Your personal brand is everything that you do, whether it’s in real life or online. It is important to make sure you are communicating the right messages. These authors apply project management principles to personal branding. They outline six key points to remember: 1) Identify your purpose; 2) Determine the value of your investment; 3) Get clear about the benefits and how you will track them. 4) Identify your stakeholders. 5) Organize your resources and deliverables. 6) Write down your plan.
Professionals now recognize the importance of a strong personal brand. If you don’t associate with certain concepts, strengths, characteristics, or views, you are likely to be invisible within your organization. While this might work for you, if you want your career to grow, it’s not the best way to go. People will seek out opportunities and work with people who have a strong personal branding. A strong personal brand is a form career Insurance
Many of us are too busy to think or focus on building a strong personal brand. Even though we know it will be beneficial over the long-term. How can we find the time to work on this important area in the midst of all the meetings, emails and other obligations?
One solution is to use the principles of project Management to your personal branding efforts. Drawing from Dorie’s work in how to reinvent your personal brand and Antonio’s background in project management, we’ve developed a framework that may be useful as you embark upon the important work of getting recognized for your expertise.
Not all elements of project management translate perfectly to personal branding. For instance, your “project sponsor” is almost always you. Here are six key principles of project management that you can use to increase the likelihood of your personal branding efforts succeeding, despite all the distractions and busyness in professional life.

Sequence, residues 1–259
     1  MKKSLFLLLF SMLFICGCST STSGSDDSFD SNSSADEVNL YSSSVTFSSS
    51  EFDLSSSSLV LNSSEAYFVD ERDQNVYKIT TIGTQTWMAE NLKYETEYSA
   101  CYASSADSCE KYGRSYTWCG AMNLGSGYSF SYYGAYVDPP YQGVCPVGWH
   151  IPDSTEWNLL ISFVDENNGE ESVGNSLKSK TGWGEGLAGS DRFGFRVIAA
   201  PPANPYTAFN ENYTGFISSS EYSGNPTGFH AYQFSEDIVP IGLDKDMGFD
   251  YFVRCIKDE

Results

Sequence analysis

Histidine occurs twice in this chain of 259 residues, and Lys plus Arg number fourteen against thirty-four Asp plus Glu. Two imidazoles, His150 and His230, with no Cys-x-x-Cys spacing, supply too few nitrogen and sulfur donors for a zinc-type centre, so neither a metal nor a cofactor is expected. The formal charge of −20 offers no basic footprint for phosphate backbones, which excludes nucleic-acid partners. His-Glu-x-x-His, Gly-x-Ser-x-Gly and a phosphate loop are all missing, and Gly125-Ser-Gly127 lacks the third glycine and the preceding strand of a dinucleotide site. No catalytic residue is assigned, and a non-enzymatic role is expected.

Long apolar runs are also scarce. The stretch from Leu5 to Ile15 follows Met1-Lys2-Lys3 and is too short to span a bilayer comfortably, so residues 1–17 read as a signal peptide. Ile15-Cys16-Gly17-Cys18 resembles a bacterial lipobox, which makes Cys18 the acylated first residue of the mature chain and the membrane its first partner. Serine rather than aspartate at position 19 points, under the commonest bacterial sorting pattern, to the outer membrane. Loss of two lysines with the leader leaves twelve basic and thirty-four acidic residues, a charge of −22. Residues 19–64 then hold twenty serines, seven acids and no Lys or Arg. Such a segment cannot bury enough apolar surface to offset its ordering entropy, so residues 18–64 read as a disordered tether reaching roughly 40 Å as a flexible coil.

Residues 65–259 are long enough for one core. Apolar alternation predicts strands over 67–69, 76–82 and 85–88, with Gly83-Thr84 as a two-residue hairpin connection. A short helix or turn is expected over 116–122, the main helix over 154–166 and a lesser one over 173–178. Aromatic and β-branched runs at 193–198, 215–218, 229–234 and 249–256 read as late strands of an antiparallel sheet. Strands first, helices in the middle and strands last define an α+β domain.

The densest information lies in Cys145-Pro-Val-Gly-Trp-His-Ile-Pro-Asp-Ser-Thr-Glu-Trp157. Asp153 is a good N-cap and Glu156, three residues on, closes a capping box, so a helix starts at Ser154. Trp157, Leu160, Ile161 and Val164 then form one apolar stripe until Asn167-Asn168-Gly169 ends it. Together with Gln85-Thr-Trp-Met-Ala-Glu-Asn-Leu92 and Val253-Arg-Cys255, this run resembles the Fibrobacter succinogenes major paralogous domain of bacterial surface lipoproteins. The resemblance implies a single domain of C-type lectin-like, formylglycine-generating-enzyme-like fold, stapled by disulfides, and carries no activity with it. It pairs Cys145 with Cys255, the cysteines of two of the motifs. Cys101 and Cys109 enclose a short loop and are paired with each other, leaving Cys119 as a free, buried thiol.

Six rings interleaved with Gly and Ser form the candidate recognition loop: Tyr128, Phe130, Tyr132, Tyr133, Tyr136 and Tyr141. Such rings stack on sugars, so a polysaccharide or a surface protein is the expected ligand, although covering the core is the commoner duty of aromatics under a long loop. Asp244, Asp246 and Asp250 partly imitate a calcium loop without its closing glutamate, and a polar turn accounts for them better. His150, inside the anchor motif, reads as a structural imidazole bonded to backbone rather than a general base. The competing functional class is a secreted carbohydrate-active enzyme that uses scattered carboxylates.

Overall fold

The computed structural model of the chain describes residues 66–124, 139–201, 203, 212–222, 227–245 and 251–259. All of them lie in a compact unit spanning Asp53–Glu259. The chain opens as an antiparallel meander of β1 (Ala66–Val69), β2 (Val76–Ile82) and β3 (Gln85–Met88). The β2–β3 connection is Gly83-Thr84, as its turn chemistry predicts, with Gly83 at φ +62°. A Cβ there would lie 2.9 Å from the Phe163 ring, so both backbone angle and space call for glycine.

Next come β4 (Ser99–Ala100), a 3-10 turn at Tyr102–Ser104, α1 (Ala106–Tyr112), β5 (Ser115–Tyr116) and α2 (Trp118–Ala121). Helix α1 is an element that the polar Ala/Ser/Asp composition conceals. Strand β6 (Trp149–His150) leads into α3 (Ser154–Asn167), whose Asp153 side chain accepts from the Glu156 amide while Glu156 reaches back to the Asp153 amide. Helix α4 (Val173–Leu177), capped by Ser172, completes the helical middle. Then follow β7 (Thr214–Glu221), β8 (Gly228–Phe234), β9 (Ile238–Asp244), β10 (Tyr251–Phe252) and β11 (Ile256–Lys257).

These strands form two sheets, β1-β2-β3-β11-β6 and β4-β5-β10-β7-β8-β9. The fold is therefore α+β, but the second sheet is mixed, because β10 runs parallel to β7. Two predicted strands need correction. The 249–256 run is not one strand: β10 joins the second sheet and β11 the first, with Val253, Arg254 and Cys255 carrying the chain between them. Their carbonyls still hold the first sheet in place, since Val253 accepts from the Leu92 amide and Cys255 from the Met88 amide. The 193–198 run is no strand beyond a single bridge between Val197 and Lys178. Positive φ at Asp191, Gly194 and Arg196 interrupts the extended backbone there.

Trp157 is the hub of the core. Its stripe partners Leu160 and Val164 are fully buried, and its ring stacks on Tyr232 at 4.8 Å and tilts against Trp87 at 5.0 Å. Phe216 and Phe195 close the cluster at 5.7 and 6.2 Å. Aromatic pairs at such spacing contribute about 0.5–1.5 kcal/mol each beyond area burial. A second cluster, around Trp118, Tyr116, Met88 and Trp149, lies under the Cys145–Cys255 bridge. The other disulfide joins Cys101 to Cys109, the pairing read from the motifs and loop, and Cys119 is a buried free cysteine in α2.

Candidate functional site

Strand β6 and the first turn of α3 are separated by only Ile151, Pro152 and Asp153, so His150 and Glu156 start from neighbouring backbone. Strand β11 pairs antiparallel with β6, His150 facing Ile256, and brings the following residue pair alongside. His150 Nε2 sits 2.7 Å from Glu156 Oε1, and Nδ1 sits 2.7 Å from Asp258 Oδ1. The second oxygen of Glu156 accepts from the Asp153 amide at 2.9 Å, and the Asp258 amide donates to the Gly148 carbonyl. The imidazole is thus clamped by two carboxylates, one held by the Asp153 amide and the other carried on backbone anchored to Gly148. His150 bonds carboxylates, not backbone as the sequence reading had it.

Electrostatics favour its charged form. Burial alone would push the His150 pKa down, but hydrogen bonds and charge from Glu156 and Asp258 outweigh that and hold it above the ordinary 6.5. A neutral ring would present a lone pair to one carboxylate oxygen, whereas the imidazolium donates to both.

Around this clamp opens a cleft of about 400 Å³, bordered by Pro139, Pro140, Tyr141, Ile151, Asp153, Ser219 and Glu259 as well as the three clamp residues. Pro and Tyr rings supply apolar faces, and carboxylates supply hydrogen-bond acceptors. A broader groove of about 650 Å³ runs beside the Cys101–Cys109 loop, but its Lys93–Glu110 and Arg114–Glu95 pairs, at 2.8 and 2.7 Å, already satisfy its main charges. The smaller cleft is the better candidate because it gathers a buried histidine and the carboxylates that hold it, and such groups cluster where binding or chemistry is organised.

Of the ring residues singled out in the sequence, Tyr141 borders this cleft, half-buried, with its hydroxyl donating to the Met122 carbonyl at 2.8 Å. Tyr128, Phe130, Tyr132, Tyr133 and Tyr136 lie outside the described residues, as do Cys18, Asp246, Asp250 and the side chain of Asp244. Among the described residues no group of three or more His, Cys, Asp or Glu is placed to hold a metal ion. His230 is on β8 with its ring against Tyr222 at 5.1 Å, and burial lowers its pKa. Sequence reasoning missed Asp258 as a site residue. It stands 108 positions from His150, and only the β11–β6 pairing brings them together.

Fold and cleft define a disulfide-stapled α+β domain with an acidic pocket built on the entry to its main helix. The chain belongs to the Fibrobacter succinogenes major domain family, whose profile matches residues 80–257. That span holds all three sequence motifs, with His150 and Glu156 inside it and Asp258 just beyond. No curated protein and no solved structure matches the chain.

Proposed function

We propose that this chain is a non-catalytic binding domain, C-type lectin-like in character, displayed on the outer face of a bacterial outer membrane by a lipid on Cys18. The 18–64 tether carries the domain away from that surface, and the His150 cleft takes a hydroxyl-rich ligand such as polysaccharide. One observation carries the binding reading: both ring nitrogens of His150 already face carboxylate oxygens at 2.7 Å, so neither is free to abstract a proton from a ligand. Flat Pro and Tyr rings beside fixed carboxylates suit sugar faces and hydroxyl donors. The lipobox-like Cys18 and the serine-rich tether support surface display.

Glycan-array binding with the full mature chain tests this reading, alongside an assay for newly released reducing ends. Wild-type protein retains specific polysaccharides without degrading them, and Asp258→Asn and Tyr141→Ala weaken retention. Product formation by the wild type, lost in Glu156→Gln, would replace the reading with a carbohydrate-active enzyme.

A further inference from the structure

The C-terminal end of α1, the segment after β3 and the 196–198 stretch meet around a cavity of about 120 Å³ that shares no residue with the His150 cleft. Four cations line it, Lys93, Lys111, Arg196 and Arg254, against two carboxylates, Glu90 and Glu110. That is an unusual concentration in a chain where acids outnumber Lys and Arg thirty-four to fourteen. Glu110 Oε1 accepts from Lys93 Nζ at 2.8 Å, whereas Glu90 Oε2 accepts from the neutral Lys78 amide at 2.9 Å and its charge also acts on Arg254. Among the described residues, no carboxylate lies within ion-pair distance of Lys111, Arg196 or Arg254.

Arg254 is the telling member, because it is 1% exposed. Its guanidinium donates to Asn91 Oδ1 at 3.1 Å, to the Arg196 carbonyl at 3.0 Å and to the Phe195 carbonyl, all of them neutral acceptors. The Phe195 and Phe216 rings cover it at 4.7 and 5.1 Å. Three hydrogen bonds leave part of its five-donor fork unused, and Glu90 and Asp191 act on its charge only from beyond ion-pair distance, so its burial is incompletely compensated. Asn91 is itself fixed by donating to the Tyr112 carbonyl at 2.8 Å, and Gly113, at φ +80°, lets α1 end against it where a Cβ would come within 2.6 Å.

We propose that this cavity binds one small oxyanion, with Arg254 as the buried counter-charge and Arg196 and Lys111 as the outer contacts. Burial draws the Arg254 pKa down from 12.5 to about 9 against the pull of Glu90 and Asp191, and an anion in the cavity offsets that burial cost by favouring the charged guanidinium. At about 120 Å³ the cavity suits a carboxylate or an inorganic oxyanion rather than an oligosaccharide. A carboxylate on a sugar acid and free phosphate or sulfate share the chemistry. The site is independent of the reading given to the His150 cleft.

Identify your purpose.
Building and honing your brand takes time. It’s almost never an “urgent” task. If you don’t know what your purpose is before you start, your motivation will wane quickly when there are time pressures. An easy method of finding the purpose of your personal brand project is to ask several times, “Why am I doing this project?”
The answer could be to be recognized for your expertise. Ask yourself why you would like to be recognized for what you do.
You may answer, “To have more impact on the field of sales.” Again, why? It could be anything, from supporting your family to helping others. There are no right or wrong answers. However, it is important to understand what motivates you and why.
If you do not reach something meaningful after the exercise, something that will drive you to continue working on it, then we strongly advise you to stop the project.
Decide on your investment.
How much will the project cost you? When we are talking about corporate projects, the cost could be measured in staff time and advertising spend.
When it comes to your personal branding, although there might be some investments (you might decide that it is useful to create your own website), the bulk of your investment will come in the form your time. For instance, you might decide to focus on building your network, creating content (such as launching a blog), or cultivating social proof. Building a strong personal brand can take many years. Antonio has been concertedly working on his brand since 2012, for instance.
In her book The Long Game: How to Be a Long-Term Thinker in a Short-Term World, Dorie observes that it often takes two to three years of effort to attain even minor recognition for your work, and five years or more to attain meaningful recognition. You may decide that it is not worth the effort, or at best not now. It’s possible that you will decide that the time will pass, so it’s important not to wait. It doesn’t matter what, it is important to identify and choose the investment that you are committing to.
Get clear on the benefits — and how you’ll track them.
An essential question that every project manager should ask is: How do you know you have been successful? What will have been the outcome, and when?
For instance, you might be seeking benefits such as revenue (more clients seek you out because of your strong brand); impact (you’re offered the chance to write a book or a column for a high-profile publication); or career progression (in a crowded field, you’re chosen for the coveted promotion).
Building a strong personal brand takes many years. These benefits are not usually realized in a matter of weeks or months. It’s important to have a hypothesis. This can be done by talking to colleagues or looking at biographies of people you don’t know. Eq